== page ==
An older article (11/02/18) from WA Today (Fairfax)

CSIRO errors put 30,000-year-old indigenous rock art at risk

A series of errors by the CSIRO has placed the world’s largest collection of indigenous rock art at risk.

Burrup Peninsula has more than one million rock art engravings over more than 100 square kilometres, some dating back more than 30,000 years. It includes the oldest existing representation of a human face on Earth, images of extinct megafauna and a thylacine, or Tasmanian tiger, which roamed the Pilbara region thousands of years ago.

The area is also the site of some of the biggest natural gas and ammonia fertiliser production facilities in the world. Emissions from this industry, in high enough concentration, have the potential to damage rock art.

A former assistant divisional chief at CSIRO, Dr John Black, has said the organisation’s advice to government and industry about safe atmospheric acid levels on the Burrup Peninsula in Western Australia is built on a “house of cards”.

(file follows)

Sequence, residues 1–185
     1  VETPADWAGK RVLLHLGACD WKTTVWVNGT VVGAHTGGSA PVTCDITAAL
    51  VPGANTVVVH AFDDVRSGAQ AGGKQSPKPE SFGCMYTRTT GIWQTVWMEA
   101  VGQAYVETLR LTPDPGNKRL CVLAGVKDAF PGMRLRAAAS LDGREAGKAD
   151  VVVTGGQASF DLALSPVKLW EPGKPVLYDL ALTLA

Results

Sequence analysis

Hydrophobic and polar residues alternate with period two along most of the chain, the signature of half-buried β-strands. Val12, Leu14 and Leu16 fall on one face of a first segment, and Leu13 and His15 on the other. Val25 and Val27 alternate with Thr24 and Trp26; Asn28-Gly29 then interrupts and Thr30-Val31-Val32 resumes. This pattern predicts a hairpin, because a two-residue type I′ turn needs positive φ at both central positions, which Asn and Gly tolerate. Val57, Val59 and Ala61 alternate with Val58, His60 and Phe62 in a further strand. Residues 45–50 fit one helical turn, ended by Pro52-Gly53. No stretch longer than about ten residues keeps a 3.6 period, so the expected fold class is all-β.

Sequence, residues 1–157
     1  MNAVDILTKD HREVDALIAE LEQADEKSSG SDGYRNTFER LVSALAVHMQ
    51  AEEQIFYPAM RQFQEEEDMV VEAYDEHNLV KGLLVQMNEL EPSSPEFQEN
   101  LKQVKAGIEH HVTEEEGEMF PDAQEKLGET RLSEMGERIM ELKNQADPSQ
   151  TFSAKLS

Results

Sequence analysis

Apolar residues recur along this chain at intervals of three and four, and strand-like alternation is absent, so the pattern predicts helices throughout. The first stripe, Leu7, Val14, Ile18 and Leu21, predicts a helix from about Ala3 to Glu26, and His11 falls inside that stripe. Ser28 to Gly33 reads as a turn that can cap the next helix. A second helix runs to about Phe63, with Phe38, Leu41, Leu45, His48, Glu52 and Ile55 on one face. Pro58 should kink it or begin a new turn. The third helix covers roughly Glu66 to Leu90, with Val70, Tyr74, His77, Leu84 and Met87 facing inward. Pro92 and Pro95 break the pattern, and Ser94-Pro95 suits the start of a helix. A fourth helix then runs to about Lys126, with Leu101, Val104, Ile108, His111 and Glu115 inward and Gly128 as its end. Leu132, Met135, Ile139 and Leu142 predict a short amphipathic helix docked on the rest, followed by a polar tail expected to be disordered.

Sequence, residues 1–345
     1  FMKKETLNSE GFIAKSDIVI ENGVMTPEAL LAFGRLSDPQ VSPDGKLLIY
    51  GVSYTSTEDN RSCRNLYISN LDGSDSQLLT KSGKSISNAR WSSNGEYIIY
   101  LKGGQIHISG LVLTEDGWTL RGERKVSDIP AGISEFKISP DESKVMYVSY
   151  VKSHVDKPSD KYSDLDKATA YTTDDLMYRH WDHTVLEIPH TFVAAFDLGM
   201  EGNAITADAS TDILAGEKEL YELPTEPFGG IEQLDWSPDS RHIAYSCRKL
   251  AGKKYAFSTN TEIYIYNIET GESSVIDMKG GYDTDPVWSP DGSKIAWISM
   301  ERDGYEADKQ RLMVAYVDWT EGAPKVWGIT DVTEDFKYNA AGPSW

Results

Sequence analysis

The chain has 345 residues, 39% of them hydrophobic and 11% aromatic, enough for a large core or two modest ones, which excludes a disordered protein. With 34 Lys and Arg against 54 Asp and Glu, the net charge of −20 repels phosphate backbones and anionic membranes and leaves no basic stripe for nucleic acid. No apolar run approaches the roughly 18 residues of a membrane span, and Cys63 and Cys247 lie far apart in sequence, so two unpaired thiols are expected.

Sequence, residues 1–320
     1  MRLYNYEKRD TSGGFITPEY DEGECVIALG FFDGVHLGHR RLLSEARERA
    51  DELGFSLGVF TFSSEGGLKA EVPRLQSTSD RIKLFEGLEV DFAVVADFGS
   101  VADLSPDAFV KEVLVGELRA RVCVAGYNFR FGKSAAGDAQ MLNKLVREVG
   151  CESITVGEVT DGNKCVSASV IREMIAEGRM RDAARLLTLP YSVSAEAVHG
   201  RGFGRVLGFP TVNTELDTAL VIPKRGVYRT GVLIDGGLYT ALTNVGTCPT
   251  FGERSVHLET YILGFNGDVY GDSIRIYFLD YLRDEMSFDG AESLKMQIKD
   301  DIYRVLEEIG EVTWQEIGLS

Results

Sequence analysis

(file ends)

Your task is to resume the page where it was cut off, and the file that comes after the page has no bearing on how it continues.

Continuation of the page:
A senior museum scientist described the CSIRO’s approach as a “fundamental failure of method”.

And the author of a report upon which the CSIRO relied to give its advice said the advice was “just plain wrong”.

The peninsula, known as Murujuga to the traditional custodians, remains central to the living culture of local Aboriginal people. The site is of such significance to the custodians that Fairfax Media, at their request, has not reproduced images of humans etched into the rocks of Burrup.

Local Wong-Goo-Tt-Oo Aboriginal elder Wilfred Hicks said: “This is a bible that’s been left for the Aboriginal people.